Analysis: a metaverse with Chinese characteristics is a clean and compliant metaverse

BEIJING, Jan 26 (Reuters) – How will the Chinese metaverse evolve? Look at the letter “c”. Clean, censored, compliant, and encryption-free is the expert view.

The descriptions point to the long shadow cast by Chinese authorities who have previously hinted that they will have a heavy regulatory hand over how it develops – a shadow that some defenders of the Chinese metaverse fear will stunt its growth.

From Microsoft’s (MSFT.O) $69 billion plan to buy Activision (ATVI.O) to Facebook’s renaming of Meta Platforms Inc (FB.O), much of the tech world is leaping to build this which many hope will be the next generation of the Internet: immersive virtual worlds that replicate many aspects of real life.

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Experts say China’s metaverse efforts lag behind countries such as the United States and South Korea, citing less investment from domestic tech giants. Industry-leading products such as Meta’s Oculus virtual reality (VR) headsets are banned in China, and the slow development of attractive domestically-made VR headsets means China has yet to see a platform VR or a metaverse gain popularity.

But interest started to mount. Over the past year, more than 1,000 companies, including heavyweights such as Alibaba Group Holding (9988.HK) and Tencent Holdings Ltd (0700.HK), have applied for around 10,000 metaverse-related trademarks, according to the Tianyancha business tracking company.

Baidu (9888.HK), broke new ground in December with the launch of “XiRang”, described as China’s first metaverse platform, although it has been widely criticized for not delivering a high-level immersive experience. Baidu says its app is a work in progress.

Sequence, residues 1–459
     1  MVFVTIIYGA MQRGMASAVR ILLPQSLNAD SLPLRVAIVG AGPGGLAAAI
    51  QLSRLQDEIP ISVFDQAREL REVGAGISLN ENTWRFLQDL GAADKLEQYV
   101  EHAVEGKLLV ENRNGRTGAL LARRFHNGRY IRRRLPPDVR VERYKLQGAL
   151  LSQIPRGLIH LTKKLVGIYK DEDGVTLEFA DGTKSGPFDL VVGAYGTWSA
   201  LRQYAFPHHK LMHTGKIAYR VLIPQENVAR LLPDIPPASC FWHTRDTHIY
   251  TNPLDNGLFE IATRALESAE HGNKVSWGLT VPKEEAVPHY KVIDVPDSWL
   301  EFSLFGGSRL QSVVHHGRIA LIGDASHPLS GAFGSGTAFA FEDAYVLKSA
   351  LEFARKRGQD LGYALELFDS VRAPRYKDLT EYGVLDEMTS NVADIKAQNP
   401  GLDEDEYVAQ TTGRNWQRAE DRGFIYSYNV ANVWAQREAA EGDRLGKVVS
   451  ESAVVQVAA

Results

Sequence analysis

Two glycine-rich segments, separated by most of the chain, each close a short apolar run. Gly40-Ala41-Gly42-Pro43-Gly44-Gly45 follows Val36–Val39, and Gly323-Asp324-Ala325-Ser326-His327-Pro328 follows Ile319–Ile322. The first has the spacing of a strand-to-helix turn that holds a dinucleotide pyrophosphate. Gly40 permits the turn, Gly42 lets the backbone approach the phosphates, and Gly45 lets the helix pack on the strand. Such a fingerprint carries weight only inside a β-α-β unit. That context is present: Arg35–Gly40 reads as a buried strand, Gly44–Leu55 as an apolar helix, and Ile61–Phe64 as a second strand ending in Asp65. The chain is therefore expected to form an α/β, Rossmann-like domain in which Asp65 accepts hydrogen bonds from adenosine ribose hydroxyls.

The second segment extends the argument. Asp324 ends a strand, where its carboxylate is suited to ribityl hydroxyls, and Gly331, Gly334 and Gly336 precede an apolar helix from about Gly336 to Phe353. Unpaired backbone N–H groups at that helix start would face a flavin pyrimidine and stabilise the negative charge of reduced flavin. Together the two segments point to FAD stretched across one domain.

Start-ups are also seeing more investment. In the three months to the end of November, more than 10 billion yuan ($1.6 billion) was invested in metaverse-related businesses, far more than the 2.1 billion yuan of investments than the reality. Chinese virtual and related industries attracted for the whole of 2020, according to Sino Global, a China-focused crypto venture capital firm.

“Investors and venture capitalists who hadn’t spoken to me in years suddenly texted me – asking if I wanted to go eat and talk. They all want to talk about metaverse,” Pan Bohang said. , based in Beijing, whose startup plans to launch. a VR social gaming platform.

A REGULATED DOMAIN

Experts say the infancy of China’s metaverse leaves Beijing free to co-opt its development, especially since the current metaverse buzz has coincided with an unprecedented regulatory crackdown on technology and other industries.

“Traditional Chinese internet companies developed first and then were regulated. Industries like the metaverse will be regulated as they are built,” said Du Zhengping, head of the industry committee of the metaverse. ‘State-backed China Mobile Communications Association, which was formed in October.